With this backdrop, here we learned that Law School Professor Hank Greely was part of a nationwide group of researchers centered at UC-Santa Barbara who recently received a $10 million grant from the MacArthur Foundation to study the ways in which neuroscience can be applied to the justice system:
“Advances in neuroscience and our understanding of how the brain functions have both immediate and long term implications for the legal system,” Law School Dean Larry Kramer told The Daily in an email. “As advances in neuroscience teach us to understand this better, we cannot help but change the way law deals with a wide variety of problems.”Maybe Orwell's fiction was not as far from the truth as he might have imagined?
Neuroscience has a number of applications to the law, mainly involving lie detection and personal responsibility for criminal behavior, which could raise serious ethical questions for judges and juries in the future.
San Diego-based startup No Lie MRI has developed a lie detector that employs MRI technology to detect lies with 90 percent accuracy. The possibility of foolproof lie detection could have far-reaching effects on the justice system, but experts are careful not to get carried away before the new technology has established itself as legitimate. Current constitutional protections were not written in anticipation of advances in neuroscience and would not offer much defense against the aggressive use of neuroscience in trials.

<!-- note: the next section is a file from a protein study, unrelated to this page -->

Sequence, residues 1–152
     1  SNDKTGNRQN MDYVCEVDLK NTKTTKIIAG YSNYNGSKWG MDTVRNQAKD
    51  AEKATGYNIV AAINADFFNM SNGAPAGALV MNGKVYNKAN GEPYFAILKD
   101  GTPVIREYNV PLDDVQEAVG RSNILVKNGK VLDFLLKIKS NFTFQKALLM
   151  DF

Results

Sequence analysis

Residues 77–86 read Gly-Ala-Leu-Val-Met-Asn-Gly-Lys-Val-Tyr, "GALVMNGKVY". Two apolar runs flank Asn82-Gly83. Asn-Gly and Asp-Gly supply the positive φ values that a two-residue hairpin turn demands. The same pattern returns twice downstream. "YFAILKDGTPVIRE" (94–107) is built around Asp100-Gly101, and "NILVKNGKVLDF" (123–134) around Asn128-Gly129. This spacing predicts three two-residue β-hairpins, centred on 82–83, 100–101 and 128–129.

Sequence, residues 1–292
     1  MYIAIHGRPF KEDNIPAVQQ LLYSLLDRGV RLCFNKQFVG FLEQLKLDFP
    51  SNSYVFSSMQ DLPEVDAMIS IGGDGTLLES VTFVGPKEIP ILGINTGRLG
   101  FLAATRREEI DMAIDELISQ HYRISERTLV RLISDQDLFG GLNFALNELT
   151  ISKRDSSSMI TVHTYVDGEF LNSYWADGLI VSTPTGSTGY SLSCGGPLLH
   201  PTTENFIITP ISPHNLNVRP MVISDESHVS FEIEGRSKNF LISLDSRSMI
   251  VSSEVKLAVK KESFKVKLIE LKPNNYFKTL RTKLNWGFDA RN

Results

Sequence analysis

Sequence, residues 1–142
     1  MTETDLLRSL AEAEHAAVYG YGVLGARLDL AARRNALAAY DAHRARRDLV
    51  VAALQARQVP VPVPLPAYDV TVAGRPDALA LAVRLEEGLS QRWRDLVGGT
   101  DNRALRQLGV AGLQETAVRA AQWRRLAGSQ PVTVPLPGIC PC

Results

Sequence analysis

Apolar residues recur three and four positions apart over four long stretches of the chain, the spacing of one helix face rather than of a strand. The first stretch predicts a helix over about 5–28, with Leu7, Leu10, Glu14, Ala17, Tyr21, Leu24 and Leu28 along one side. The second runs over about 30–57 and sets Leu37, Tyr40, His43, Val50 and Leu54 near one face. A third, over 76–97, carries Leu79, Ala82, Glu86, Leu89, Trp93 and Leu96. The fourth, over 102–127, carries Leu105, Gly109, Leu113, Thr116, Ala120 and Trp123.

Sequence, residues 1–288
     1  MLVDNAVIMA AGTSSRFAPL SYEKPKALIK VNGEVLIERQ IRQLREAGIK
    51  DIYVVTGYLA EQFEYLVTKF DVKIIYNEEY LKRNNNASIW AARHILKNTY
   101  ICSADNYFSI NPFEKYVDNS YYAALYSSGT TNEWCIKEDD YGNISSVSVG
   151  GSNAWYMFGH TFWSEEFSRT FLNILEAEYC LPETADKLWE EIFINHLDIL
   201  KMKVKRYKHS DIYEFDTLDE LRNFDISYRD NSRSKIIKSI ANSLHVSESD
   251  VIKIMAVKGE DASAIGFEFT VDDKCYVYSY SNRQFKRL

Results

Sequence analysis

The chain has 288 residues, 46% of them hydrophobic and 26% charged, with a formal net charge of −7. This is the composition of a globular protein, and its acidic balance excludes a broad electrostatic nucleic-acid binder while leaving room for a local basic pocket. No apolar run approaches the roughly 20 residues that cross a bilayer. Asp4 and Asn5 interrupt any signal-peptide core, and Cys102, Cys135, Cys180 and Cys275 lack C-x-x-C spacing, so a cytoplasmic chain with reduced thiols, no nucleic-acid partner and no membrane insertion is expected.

Greely argued that the First Amendment does not currently guarantee freedom of thought, and that the Fifth Amendment protection against self-incrimination only applies to testimony. MRI tests may be put under the same non-testimonial category as breathalyser tests, he said. If neurological advances occur in the near future, Greely warned that the Bill of Rights may not be expanded to address neuroscience.